LANGUAGE AS SOUND
AS ART MATERIAL
In these strange times, engagement with the natural environment has been highlighted as a precious part of our ability to survive, make sense of the world around and within us, and mediate our health at all levels of being. The importance of the natural environment’s place has been foregrounded, as has our impact on it. So too, has our ability to redress the balance when – motivated to do so.
For institutions whose business is engagement with this environment, it may be an opportune moment to ask questions of critical reflexivity.
How are NTNU’s discourses shaping the way in which it engages with the natural environment? Do these discourses affect the way in which its stakeholders are perceived? What are the limits of NTNU’s episteme, and how might these be identified, to illuminate the ways in which stakeholders are ‘produced’ by discourse?
How might we apply the imaginary, as a sensory modality, to enliven and enchant knowledge-making, rather than aim simply at explanation? Could the inclusion of a fuller range of voices – not only from other disciplines and external stakeholders but from within our non-professional selves – add a lyrical dimension to saltwater worlds, or renew our reverence for the natural environment? Could these enchantments leak into our disciplinary philosophies, daily working habits, informal opinions or formal communications to improve research outputs in some way?
How do different research centres, departments or individuals at NTNU reinforce language use? How dimensional are their vocabularies? Do these practices change with context, audience, or over time? Are they static? How might we make ourselves more sensitive to the contours, textures and patterns in our language? How may we enrich the ways in which we use language, by widening the semantic net beyond our own disciplines? From morphemes to gestalt verbal units, what changes can be affected? How can we develop individual or collective practices for magnifying and demagnifying our field of attention, with respect to our dialects?
Did you know that worldwide, ~200 million ppl depend on coral reefs for protection from waves & storm surges? Protecting the ocean isn’t just about nature—it’s an important step toward building a resilient future for all of humanity. MT @NG_PristineSeas 📸 @Enric_Sala https://t.co/73u5KEvRKj
New research suggests more whales than previously thought have been entangled at some point. https://t.co/Uk9cx1c4Gj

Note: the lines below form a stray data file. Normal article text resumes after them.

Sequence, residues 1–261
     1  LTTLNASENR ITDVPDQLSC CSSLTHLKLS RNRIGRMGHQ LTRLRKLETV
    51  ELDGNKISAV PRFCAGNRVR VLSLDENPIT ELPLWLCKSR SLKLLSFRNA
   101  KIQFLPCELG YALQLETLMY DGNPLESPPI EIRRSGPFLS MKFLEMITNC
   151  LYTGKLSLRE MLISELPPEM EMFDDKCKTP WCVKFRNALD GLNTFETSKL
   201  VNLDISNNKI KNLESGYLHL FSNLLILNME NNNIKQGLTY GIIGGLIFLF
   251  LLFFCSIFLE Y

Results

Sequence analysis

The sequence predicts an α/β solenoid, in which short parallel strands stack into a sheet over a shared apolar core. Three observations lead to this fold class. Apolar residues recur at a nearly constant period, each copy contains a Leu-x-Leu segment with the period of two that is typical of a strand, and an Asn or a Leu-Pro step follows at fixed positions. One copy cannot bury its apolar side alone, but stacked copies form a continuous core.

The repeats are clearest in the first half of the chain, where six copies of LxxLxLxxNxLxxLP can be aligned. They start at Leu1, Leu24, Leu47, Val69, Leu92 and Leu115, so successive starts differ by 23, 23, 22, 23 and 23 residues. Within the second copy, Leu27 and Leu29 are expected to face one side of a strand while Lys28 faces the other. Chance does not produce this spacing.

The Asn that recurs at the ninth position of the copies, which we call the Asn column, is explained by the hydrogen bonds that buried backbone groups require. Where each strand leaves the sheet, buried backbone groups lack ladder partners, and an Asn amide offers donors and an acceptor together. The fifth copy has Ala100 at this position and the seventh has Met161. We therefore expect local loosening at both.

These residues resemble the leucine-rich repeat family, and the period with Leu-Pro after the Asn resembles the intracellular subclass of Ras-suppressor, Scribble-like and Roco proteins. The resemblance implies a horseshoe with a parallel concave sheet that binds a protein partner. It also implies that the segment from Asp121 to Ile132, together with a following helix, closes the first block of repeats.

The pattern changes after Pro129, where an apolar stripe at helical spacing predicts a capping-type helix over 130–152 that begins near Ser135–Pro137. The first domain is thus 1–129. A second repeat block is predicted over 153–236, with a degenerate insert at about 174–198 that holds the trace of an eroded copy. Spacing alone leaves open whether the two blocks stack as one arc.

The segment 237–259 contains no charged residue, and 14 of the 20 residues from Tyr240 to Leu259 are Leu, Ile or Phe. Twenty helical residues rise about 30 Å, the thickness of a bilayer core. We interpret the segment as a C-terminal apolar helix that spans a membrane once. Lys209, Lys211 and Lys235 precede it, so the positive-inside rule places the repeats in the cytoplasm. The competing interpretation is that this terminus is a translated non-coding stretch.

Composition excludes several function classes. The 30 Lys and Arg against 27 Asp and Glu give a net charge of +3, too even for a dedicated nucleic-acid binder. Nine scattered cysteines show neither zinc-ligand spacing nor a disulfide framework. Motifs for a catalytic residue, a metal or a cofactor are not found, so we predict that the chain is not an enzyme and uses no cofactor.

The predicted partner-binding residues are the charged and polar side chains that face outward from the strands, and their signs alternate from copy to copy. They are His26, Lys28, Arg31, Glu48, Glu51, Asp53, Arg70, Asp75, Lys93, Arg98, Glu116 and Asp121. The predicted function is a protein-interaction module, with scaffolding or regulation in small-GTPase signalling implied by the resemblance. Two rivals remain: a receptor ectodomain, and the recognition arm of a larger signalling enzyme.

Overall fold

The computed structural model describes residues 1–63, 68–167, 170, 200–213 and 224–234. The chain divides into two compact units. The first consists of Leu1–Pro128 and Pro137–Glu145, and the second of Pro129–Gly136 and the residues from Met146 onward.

Entanglement is a terrible but preventable issue! We can all do our part to ensure our waste is disposed of safely. MT @WhaleTalesOrg #talesofsavingwhales
1. I will lose friends over this thread. But I feel it would be dishonest not to say what follows.
It seems to me that we need to distinguish between two different issues, that are often confused:
A. Whether the UK is better off in the EU.
B. Whether the EU is a good thing.
Amazing and inspiring. https://t.co/97n43U8Q4g
Wow, wow wow!
Rosie & Alexa have raised over £1,300 for Rewilding Britain! Such determined girls, they’re litter picking across 100 miles this month to help secure a brighter future for their local wildlife. Go and show them some love! 💚
As an independent researcher without university ties, I’m completely reliant on Sci-Hub for access to scientific papers, thanks to the greedy behaviour of academic publishers.
I read about 50 a day. Now it’s been hit by a blocking order, does anyone know a workaround? Thanks.
If someone bellows that they are too fit and tough to catch Covid-19 – as several men have in response to my tweets this morning – and that Long Covid only affects unhealthy wimps and is all-made-up-anyway, it’s likely to be because they are deeply afraid of something else.
Selfishly, I’m delighted schools are opening tomorrow. Home schooling has become ever harder, and we’ve already had the virus, so probably won’t get reinfected.
Less selfishly, I’m apprehensive. Transmission rates are still quite high, and many schools are not Covid-safe.